BIRD GUIDING AROUND OSLO

Sunday, 20 April 2014

Madridalen tick.....Gadwall



Getting home (fortuitously) at 1930 gave me a chance to rush up to Maridalen. The lake was completely flat and with a number of geese and gulls on it. I made my way through them and finally found the male Gadwall (snadderand) – a Maridalen tick and not just for me but as far as I can see the first record ever. Not a particularly exciting bird my attention soon went to finding what else was on the lake. I had in total 113 Pink-footed Geese (kortnebbgås) of which 106 flew off north at 2030 as the sun was setting leaving the single bird on the fields. Also 34 Greylag Geese (grågås), 2 Whooper Swans (sangsvane), 200 Common Gulls (fiskemåke), 10 Black-headed Gulls (hettemåke), 5 Teal (krikkand) and 3 Black-throated Divers (storlom) but sadly not the pair of Slavonian Grebes (horndykker) that had also been seen earlier in the day.

male Gadwall

with Pink-footed Geese

Easter

Easter has been spent away from home meaning I missed the three Avocets found at Svellet, Nordre Øyeren on Friday. This was a bit annoying as I have plans to give Svellet good coverage this spring and Avocet would have been a Norwegian tick for me.

Instead we were in Sweden just south of the Norwegian border and a flyover Serin (gulirisk) here was probably a rarer bird than the Avocets bur far less satisfying. At dusk I also had a flyover harrier sp which I only saw in silhouette and without bins but was a small slim bird and probably something interesting.

We are now staying in Tønsberg which is an area thst can definitely turn up good birds but instead I am getting itchy feet after seeing a report of Gadwall from Maridalen - definitely not a rare bird but scarce enough and most importantly a patch tick!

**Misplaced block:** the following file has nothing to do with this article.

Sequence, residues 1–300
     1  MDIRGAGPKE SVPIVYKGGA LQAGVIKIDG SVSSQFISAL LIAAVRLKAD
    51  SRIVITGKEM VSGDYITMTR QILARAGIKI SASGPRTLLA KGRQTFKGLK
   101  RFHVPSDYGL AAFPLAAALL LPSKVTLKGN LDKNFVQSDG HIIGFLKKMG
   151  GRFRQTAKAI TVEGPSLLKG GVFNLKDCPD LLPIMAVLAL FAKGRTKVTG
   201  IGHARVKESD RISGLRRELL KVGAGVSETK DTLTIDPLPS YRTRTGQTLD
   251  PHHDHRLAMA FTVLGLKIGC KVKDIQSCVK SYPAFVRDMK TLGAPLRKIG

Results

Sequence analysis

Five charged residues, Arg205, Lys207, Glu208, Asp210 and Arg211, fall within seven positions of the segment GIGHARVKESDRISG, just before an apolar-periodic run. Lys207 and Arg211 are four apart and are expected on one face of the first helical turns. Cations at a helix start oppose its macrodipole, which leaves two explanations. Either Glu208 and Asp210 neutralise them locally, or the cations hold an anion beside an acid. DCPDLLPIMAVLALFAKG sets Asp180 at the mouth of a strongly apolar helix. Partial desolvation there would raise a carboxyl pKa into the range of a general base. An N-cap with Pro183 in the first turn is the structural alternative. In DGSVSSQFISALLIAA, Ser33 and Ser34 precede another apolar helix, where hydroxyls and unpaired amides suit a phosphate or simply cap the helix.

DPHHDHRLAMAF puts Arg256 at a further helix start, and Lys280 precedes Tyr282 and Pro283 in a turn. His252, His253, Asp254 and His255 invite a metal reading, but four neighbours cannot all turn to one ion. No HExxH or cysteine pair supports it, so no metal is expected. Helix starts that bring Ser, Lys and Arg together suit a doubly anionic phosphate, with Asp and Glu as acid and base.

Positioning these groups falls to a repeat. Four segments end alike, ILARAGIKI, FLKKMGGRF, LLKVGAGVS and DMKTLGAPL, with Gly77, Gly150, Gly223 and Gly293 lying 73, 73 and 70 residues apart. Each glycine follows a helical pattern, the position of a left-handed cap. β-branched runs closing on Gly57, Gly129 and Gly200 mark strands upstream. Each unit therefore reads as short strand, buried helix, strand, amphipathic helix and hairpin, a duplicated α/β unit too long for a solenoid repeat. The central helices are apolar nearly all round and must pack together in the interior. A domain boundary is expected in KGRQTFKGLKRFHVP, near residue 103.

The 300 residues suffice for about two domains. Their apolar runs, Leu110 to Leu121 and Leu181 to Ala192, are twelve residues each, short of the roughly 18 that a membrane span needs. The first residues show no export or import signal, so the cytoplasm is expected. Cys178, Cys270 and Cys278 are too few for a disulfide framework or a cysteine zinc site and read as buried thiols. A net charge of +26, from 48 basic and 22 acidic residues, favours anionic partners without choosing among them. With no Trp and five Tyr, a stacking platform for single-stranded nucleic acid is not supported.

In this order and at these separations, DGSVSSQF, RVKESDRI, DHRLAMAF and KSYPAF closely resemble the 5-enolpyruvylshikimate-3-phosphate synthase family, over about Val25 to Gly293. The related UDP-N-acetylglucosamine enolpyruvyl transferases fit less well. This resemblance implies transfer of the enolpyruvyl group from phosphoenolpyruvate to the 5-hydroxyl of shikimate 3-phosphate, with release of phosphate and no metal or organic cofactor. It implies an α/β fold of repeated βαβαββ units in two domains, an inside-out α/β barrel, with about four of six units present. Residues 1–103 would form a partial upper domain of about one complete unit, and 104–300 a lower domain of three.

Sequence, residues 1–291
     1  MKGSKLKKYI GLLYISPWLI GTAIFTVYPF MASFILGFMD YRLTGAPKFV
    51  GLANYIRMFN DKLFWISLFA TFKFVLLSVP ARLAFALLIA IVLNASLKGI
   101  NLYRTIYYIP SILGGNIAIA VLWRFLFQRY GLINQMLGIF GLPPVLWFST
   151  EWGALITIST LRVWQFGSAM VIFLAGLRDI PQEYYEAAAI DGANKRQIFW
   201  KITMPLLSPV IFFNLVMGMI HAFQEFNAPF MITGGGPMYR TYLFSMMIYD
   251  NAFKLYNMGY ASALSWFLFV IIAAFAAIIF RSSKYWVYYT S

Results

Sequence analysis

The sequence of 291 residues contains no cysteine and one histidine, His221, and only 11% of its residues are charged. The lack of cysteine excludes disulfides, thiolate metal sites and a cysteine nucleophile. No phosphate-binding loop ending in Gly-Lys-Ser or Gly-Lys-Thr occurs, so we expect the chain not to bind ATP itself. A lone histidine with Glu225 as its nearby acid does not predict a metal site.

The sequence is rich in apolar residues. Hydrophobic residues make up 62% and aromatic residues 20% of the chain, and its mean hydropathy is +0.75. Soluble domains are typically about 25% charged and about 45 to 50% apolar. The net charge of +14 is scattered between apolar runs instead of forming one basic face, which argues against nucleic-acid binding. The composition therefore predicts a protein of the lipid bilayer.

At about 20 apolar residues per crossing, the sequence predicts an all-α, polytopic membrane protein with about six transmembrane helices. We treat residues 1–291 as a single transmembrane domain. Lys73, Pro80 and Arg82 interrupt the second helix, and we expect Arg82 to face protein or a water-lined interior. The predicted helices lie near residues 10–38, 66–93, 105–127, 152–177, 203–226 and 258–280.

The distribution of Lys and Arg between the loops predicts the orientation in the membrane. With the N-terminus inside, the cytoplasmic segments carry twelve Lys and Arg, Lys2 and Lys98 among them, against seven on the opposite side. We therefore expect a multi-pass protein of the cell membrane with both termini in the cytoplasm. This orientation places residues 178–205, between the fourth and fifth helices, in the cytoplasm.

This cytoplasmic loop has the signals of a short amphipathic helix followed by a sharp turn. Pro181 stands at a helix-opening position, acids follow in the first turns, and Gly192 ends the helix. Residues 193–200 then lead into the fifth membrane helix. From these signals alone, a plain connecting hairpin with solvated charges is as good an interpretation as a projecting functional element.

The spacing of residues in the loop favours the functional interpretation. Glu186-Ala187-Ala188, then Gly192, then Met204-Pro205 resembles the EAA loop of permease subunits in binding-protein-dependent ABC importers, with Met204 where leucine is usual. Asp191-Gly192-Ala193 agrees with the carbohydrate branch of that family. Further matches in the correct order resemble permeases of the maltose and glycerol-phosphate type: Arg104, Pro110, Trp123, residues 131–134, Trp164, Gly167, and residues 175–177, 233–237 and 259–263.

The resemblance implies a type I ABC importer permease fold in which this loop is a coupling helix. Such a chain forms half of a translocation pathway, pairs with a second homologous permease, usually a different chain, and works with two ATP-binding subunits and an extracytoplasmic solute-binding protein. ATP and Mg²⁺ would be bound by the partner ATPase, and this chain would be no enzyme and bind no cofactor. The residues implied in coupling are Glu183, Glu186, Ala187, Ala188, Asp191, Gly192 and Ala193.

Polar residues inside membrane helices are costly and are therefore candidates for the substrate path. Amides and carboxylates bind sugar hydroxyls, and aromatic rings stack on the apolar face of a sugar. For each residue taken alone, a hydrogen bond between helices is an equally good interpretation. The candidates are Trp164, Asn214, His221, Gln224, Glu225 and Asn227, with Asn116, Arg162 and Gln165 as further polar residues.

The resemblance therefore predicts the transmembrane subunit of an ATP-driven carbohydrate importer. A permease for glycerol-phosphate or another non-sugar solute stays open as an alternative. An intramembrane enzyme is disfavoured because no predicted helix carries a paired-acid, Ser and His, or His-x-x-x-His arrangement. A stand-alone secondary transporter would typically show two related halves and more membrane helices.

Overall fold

The weather forecast for the coming week shows just sun, sun, sun. Coupled with easterly winds this may produce some raptors but what we really need is some rain to bring down migrants.

Thursday, 17 April 2014

Rook



This morning didn’t quite live up to expectations. A strong southerly wind, low cloud cover and a promise of rain was supposed to produce a Maridalen full of birds. This didn’t quite happen although one of the first birds I saw was a Rook (kornkråke) which is barely annual as a passage migrant through Oslo as it travels to its limited breedings areas in the middle of Norway. The bird was with crows and a couple of times flew around in circles calling as though looking for its kin but both times returned to feed with the crows.

The wind was so strong today that seawatching would probably have been a better option today so I await to see the results if any others actually had that idea.

There were a couple of pulses of goose migration but the total was only around 400 birds with a few Greylags amongst the Pink-feet. The single Pink-foot remains on the fields and I also had a Buzzard (musvåk).
only my third or fourth record of Rook in Maridalen

Wednesday, 16 April 2014

Pink-feet

Today offered up the chance of an hour long post breakfast trip to Maridalen which wasn't lng enough as there was clearly a significant Pink-footed Goose (kortnebbgås) passage occuring today. During the course of the hour I had six flocks totalling 930 birds and when I arrived home another flock of 140 flew over. I'm sure that during the course of the day many thousand would have passed over.  The cause of this movement was that after a few days of northerly winds we now have southerlies again which the birds understandly prefer when heading north. The single Pink-foot that has been feeding on the fields for the last few days flew up to try to join one of the migrating flocks but ended up returning to the lake so is presumably weak or injured.

On the deck were three feeding Curlews (storspove) and my first Maridalen Wheatear (steinskvett) of the year.